Medically Approved

Is medication making your hypertension worse?

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Medications you take for colds, allergies, pain or depression can increase your blood pressure. Here’s what you can do about it.

Rosemary Black

By Rosemary Black

Daily medication is critical for the health of millions of Americans. But even as pills, ointments and injections treat one condition, they can make others worse.

A new study from JAMA Internal Medicine makes that clear. It found that an alarming number of adults take medications that can increase blood pressure.

The study included 28,000 people. Among them, 15% of all participants and 19% of those with hypertension (high blood pressure) were using medications known to drive up blood pressure. And the researchers looked only at prescription medications. If you factor in over-the-counter pain pills and cold medicines, the true number is likely higher.

“Every medication has the potential to cause side effects,” says Benjamin Weber, MD. He’s a cardiologist at Northwestern Medicine Central DuPage Hospital in Winfield, Illinois. “Balancing the benefits and risks in the context of each patient’s unique situation is an essential part of a physician’s job.”

In other words, sometimes taking a medication that increases blood pressure is the best option, since it helps you in other ways. That’s especially true for people who are treating multiple health conditions, says Dr. Weber.

But at the same time, if you have high blood pressure, you may want to explore whether there are ways to treat your other health conditions without putting extra pressure on your arteries. And that starts by identifying the problem.

While you’re at it, have a look at how much you’re paying for medication. Optum Perks may be able to bring the price down. Download our mobile app and you’ll be able to search for medication discounts at pharmacies in your area.

Medicines that may raise your blood pressure

If you’re taking medications for conditions unrelated to high blood pressure, it’s smart to check whether any of them are on this list. If they are, they could be putting a strain on your arteries.

  • Antidepressants: Selective serotonin reuptake inhibitors (SSRIs) such as fluoxetine (Prozac® and Sarafem®) are common. But there are other antidepressants to consider as well. Those include monoamine oxidase inhibitors, tricyclic antidepressants and serotonin-norepinephrine reuptake inhibitors (SNRIs).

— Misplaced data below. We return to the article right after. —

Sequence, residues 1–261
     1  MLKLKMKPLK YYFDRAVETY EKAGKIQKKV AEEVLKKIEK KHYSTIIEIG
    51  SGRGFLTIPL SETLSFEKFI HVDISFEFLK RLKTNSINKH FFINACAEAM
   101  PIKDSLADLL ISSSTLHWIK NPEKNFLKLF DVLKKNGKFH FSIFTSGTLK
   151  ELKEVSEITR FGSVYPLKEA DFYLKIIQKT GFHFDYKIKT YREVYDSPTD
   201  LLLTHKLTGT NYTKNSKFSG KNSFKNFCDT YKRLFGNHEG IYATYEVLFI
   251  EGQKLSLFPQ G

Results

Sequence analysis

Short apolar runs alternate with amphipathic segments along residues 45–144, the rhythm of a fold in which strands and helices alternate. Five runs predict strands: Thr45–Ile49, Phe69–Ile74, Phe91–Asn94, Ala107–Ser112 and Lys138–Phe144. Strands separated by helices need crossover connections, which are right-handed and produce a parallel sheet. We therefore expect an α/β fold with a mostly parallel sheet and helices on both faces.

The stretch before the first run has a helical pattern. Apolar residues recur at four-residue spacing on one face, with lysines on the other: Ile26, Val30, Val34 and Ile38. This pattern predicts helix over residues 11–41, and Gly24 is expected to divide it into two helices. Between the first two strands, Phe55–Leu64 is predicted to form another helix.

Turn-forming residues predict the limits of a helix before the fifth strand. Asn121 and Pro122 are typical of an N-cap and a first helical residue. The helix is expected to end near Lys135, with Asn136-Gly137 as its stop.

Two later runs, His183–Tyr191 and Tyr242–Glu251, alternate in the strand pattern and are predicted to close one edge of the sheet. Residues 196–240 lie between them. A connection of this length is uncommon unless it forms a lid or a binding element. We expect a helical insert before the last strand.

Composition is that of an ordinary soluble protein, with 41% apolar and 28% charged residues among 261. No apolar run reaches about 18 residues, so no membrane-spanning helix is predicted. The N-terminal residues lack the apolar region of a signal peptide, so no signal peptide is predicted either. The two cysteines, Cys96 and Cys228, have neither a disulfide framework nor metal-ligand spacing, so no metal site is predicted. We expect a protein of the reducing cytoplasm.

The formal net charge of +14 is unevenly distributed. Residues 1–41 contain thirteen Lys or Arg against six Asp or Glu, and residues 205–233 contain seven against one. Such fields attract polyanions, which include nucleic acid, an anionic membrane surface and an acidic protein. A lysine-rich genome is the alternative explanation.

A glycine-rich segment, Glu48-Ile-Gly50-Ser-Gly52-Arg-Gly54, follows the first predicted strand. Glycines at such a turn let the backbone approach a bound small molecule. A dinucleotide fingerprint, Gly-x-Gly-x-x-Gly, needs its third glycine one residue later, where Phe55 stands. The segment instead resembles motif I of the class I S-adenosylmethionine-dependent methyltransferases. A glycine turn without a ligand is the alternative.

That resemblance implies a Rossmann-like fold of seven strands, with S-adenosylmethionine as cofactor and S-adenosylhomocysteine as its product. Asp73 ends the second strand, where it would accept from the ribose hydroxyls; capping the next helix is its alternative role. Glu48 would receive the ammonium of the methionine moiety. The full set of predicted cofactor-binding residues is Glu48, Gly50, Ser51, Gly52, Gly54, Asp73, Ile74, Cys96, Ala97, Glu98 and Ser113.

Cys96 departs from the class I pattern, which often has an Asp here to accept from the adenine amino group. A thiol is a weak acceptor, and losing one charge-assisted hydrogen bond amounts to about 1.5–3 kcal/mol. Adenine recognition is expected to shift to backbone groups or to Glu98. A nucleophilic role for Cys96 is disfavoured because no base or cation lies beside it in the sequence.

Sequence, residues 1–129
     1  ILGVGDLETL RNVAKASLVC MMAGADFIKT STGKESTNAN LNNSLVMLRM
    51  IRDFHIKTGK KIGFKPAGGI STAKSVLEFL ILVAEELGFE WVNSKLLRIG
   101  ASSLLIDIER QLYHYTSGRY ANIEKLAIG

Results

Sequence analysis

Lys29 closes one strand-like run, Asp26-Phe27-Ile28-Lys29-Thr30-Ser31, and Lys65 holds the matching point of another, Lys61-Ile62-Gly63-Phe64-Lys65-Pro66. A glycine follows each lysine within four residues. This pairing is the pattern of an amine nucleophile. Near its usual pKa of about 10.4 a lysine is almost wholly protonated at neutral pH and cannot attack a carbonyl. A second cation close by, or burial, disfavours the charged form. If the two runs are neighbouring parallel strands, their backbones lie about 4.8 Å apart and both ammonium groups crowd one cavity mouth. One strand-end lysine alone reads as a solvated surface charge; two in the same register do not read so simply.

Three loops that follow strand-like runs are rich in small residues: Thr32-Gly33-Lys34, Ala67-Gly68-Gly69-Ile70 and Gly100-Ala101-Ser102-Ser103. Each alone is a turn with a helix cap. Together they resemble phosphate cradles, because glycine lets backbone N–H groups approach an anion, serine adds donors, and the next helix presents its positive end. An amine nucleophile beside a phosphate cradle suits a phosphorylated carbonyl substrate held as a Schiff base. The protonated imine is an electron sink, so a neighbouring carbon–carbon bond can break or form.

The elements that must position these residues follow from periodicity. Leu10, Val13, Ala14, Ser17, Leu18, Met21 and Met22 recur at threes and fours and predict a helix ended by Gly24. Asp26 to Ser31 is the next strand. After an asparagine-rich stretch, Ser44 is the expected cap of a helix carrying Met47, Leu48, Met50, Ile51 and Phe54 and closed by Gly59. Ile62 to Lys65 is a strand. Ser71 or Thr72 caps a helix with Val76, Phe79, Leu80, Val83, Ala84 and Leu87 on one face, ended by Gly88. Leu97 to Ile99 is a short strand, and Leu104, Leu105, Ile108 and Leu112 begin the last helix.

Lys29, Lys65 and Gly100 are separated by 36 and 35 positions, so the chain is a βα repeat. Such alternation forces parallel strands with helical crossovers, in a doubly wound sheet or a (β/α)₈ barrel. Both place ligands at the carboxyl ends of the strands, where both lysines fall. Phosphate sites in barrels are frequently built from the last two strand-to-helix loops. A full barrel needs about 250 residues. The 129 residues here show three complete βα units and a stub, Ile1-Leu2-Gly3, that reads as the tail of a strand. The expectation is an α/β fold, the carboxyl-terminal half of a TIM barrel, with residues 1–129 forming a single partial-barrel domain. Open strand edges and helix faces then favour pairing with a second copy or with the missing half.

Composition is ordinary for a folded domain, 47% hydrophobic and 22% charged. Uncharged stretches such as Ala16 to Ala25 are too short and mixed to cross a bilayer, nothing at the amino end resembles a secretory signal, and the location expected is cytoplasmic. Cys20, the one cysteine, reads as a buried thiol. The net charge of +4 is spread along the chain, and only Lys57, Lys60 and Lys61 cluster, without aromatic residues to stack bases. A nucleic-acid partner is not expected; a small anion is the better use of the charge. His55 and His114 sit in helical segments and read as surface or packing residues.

• Anti-inflammatory medications: These include both corticosteroids, such as prednisone and cortisone, and nonsteroidal anti-inflammatory drugs (NSAIDs).In the NSAID category, you’ll find the arthritis medication indomethacin (Indocin®, Tyvorbex®) and over-the-counter pain relievers such as naproxen (Aleve®) and ibuprofen (Advil®, Motrin IB®).
     
  • Cough medicines and decongestants: Cough and cold medications narrow blood vessels inside your nose, according to the Mayo Clinic. That can be good for sniffles, but it can also constrict blood vessels elsewhere in your body.
     
  • Some oral contraceptives: The estrogen found in some birth control medications can increase your blood pressure, according to researchers at Cedars-Sinai Medical Center in Los Angeles. For women with high blood pressure, they recommend sticking to contraceptives with progestin only. (Use our search tool to find discounts on birth control.)
     
  • Stimulants: Think methylphenidate (Ritalin®), dextroamphetamine-amphetamine (Adderall®) and dextroamphetamine (Dexedrine®). Stimulants are often prescribed for attention deficit hyperactivity disorder (ADHD) or sleep conditions such as narcolepsy.

What should you do if your medication is increasing your blood pressure?

If you’re regularly testing your blood pressure and know it’s in a healthy range, you might not have a problem. But if your blood pressure is high or you’re unsure, talk to your prescriber, says Dr. Weber. You may be able to switch to a different prescription or reduce your dose.